A member that is shaped during a semi-molten state.
The exterior metal roof and wall paneling of a steel building system.
A plate or angle used to fasten two or more members together.
A strip used to close openings created by ribbed panels joining other components.
The process of shaping steel into desired cross sections at room temperature using press brakes or rolling mills.
Loads caused by permanent materials, other than the steel building system, such as sprinklers, mechanical and electrical systems, partitions and ceilings.
A main member used in a vertical position on a steel building for the purpose of transferring loads from main roof beams, trusses, or rafters to the foundation.
A distinct part a steel building system.
A clip used with a wall or roof panel system to connect the panel to the supporting structure without exposing the fasteners on the exterior surface.
The terminology describing the transfer of loads and stresses from member to member of a steel building system, allowing the members to act as a single unit.
A beam having three or more supports.
A general contractor or sub-contractor with the responsibility for providing steel building systems and erection.
The exterior metal roof and wall paneling of a steel building system.
A machine designed to move material by means of a hoist.
The primary horizontal beams of the crane bridge that supports the trolley.
A track supporting and guiding the wheels of a top-running bridge crane or trolley system.
The member that supports a crane rail. The crane runway beam is supported by columns or rafters depending on the type of crane system.
The horizontal distance center-to-center of runway beams.
A device used to limit travel of a trolley or crane bridge.
A separate column used in steel building systems that supports the runway beam of a top-running crane.
A raised edge on a concrete floor slab or in the roof for various accessories.
Perimeter wall panels that carry only their own weight and wind load.
A baffle used to open or close the throat of ventilators. A damper may be motorized or operated manually.
The weight of all permanent construction in a steel building, such as floor, roof, framing, and covering members.
The displacement of a structural member or system under load.
Loads specified in recognized building codes or in owner's specifications to be used in the design of a steel building.
An architect or engineer with the responsibility of specifying the specific design requirements of a steel building system.
The resistance to racking generally offered by the covering system, fasteners, and secondary framing.
An angle or channel used to stabilize or keep plumb a sliding or rolling door during operation.
A conduit used to carry water from the gutter of a building.
A tapered pin used during erection to align holes in steel members to be connected by bolting.
The line along the sidewall created by the intersection of the of the roof and wall planes.
Describes the vertical distance between the floor and the top of the eave strut.
A structural member located at the eave of a steel building that supports roof and wall paneling.
The surface area of a building at the edges of the roof and corners of the walls where the wind loads on components and cladding are greater than at other areas of the building.
The area used to determine the wind coefficient. The effective wind area may be greater than or equal to the tributary area.
A design concept that allows non-permanent shape distortion under a specified range of loading.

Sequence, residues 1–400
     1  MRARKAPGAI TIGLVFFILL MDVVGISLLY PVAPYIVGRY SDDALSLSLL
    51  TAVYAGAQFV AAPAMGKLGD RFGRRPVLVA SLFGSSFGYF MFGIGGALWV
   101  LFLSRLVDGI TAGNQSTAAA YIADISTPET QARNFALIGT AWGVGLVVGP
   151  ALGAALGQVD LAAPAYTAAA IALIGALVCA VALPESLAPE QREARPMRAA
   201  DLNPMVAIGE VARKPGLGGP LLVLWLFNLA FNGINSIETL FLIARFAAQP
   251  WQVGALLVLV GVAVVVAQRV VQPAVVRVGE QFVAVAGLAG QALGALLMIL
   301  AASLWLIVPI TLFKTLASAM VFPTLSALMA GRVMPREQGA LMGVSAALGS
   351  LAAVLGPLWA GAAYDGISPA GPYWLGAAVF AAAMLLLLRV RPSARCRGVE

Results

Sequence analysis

The minimum horizontal distance, parallel to the runway, between the outer-most extremities of the crane and the centerline of the hook.
Any bay that is adjacent to the endwalls of a building. Usually the distance from the endwall to the first interior main frame would be described as an end bay.
A frame located at the endwall of a building that absorbs the load from a portion of the end bay.
A device attached to a crane runway or rail to provide a safety stop at the end of a runway.
An exterior wall that is parallel to the interior main frames of the building.
A vertical member located at the endwall of a building that support the girts. In post and beam endwall frames, endwall columns also support the rafter.
The engineer who is responsible for the overall design of the building project. The manufacturer's engineer would not be considered the Engineer of Record.
The assembling of steel building components to form a complete structure.
Temporary bracing used by erectors to stabilize the building system during erection of a steel building system.
Roof and wall erection (framing) drawings that identify individual components and accessories furnished by the manufacturer in sufficient detail to permit proper Erection of the Metal Building System.
A party who assembles or erects a steel building system.
A break or space in construction to allow for thermal expansion and contraction of the materials used in the structure.
A wall framing system where the girts are mounted on the outside of the columns.
The manufacturing process of converting raw material into finished steel building system components.
An architectural treatment, partially covering a wall, usually concealing the eave and/or the rake of the building.
A decorative trim or panel projecting from the face of a wall.
Windows or other panels of glass; their number and location.
The job site or building site on which the steel building will be erected.
A strip used to close openings created by ribbed panels joining other components.
Coil metal that has a corrosion resistant film laminated to it prior to the forming operation.
A column base that is designed to resist rotation as well as horizontal or vertical movement.
A standing seam roof system hold down clip that does not allow the roof panel to move independently of the roof substructure.
The projecting edge of a structural member ( e.g. the top and bottom horizontal projections of an I beam).
A member used to provide lateral support to the flange of a structural member.
The metal used to "trim" or cover the connection of two planes of material with a primary function of ensuring weather-tightness and a secondary function of enhancing the appearance of a steel building system.